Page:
The Journeyman Project

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The Journeyman Project
The Journeyman Project Cover.png
Developer(s)Presto Studios
Publisher(s)Presto Studios
Sanctuary Woods
Producer(s)Michel Kripalani
Designer(s)Jeal Choi
Seiji Matsumoto
Phil Saunders
Programmer(s)Greg Uhler
Artist(s)Jack H. Davis
Jose Albanil
Shadi Almassizadeh
Writer(s)David Flanagan
SeriesThe Journeyman Project
EngineMacromedia Director 2.0
Platform(s)Mac OS, Windows
ReleaseJanuary 6, 1993[1]
1994 (Turbo)
Genre(s)Adventure game
Mode(s)Single player

The Journeyman Project is a time travel adventure computer game developed by Presto Studios.


The game features a first-person perspective. The protagonist sees a display, a rectangle shaped visor (acting as a monocle for Agent 5). This user interface helps to reduce the movie size and maintain relatively high frame rates. Controls work as four interface buttons located below the screen. They move Agent 5 forward and backward, and rotate Agent 5 left and right.

The Journeyman Project was billed as interactive movie adventure game, where the player is presented with several clues and puzzles that must be solved in order to move on or finish the level. Items that the player finds can be helpful or harmful as he attempts to explore his surroundings. The most important of these items are the seven bio-chips, which enhance the player-character's abilities in various ways. The game's user interface stores the bio-chips in a special "bio-chip panel", which serves as a "quick-menu" for activating and deactivating the various chips.


What an Agent sees when he activates the time machine

The game takes place in the distant future, after the Earth has been united into a peaceful global community. A scientist has discovered the technology of time travel but because of its dangerous nature, the prototype machine, "Pegasus", has been placed under government control and further attempts at traveling through time or developing time travel technology are forbidden by law.[2]

The game begins as humanity welcomes the first alien delegation to visit the planet, and prepares to answer positively to an invitation to join the interplanetary "Symbiotry of Peaceful Beings". During the induction ceremony, the government-operated Temporal Security Agency (TSA), which was established to enforce prohibitions on time travel and safeguard the timeline, detects three temporal disturbances that have altered history; the Agency mobilizes Agent 5 to correct the disruptions, which have altered the timeline so that the Symbiotry never extended its invitation.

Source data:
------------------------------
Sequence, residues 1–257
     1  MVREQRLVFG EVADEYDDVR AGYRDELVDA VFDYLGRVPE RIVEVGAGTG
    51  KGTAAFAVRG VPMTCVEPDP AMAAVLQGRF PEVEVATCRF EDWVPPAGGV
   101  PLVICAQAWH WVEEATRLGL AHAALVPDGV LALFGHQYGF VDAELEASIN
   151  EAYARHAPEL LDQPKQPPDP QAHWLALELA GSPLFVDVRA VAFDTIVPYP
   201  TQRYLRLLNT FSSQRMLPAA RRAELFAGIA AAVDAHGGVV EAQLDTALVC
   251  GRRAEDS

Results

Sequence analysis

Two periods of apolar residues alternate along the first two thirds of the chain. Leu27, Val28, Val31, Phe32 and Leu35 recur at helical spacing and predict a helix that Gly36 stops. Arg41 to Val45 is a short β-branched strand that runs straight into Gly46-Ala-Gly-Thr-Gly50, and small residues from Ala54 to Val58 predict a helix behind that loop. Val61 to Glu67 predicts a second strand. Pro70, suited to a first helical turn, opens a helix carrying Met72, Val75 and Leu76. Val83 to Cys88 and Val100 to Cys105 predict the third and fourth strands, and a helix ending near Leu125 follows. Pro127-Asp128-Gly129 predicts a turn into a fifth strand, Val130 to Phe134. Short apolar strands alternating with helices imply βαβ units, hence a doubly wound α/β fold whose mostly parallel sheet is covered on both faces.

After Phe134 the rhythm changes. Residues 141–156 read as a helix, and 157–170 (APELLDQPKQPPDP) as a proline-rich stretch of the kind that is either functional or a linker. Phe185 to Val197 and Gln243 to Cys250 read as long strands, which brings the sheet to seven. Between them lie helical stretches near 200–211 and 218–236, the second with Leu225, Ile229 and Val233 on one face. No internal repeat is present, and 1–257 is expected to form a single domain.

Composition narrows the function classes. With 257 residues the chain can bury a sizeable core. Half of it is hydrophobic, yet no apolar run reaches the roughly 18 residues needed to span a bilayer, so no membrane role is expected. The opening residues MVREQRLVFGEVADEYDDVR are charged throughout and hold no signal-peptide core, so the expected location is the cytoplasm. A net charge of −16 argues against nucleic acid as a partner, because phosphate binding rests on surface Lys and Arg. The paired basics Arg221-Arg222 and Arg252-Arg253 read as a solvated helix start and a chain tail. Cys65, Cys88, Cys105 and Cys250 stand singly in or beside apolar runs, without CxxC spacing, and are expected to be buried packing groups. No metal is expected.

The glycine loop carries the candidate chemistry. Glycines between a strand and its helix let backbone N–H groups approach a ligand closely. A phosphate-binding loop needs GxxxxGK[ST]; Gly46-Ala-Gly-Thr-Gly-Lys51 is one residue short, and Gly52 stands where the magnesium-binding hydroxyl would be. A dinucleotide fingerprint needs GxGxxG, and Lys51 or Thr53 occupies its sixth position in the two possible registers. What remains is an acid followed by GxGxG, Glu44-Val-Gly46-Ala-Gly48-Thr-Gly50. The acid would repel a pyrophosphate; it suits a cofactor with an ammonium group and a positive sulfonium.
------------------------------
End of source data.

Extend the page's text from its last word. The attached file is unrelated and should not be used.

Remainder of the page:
The Morimoto Mars Colony

Upon retrieving a cache of unaltered historical data from the distant past, Agent 5 discovers that the anachronisms are related to Earth's first contact with the Symbiotry; ten years prior, the aliens had extended their offer, and planned to return in one decade to receive Earth's answer. An unknown party has altered the timeline to prevent contact with the Symbiotry, either through preventing them from reaching Earth or changing humanity's reaction to the aliens' arrival.

The disruptions occurred during three key events in Earth's recent past:

  • The conference of 2112 which led to peace and prosperity through the unification of Earth over opposing voices. The robot "Poseidon" is sent to launch a nuclear missile and detonate it above Ghorbistan so that fear prevents the countries from proceeding with the acceptance of the treaty.
  • The first acknowledged contact with an alien ship in 2185 above Mars. The robot "Ares" is sent to accomplish two tasks: to destroy the Morimoto Mars Colony so that humanity connects the aliens with the colony's destruction and grow skeptical of their intentions, and to destroy the aliens' ship to demonstrate that humanity is willing to use violence against them.
  • A symposium for deliberating the aliens' offer in 2310, where the speech of Dr. Enrique Castillo persuaded the opposing scientists to accept joining the Symbiotry. The robot "Mercury" is sent to assassinate Castillo so that the opposition prevailed.

After preventing the robots' missions and collecting evidence from each time period, Agent 5 discovers that the person responsible for the disruptions is Dr. Elliot Sinclair, the inventor of the Pegasus time machine. He fears that the aliens are a malevolent force rather than a peaceful race, and is doing everything in his power to make Earth an unsuitable candidate for joining the aliens.

In all three scenarios, the player has two ways to neutralize the robots—one "peaceful" and one "aggressive"—which will affect the player's overall score. The player also gains bio-chips from each robot when he completes each scenario successfully.

Elliot Sinclair, giving instructions and confessing his intentions to his last Prototype, Poseidon, as seen on an Optical Memory Bio-Chip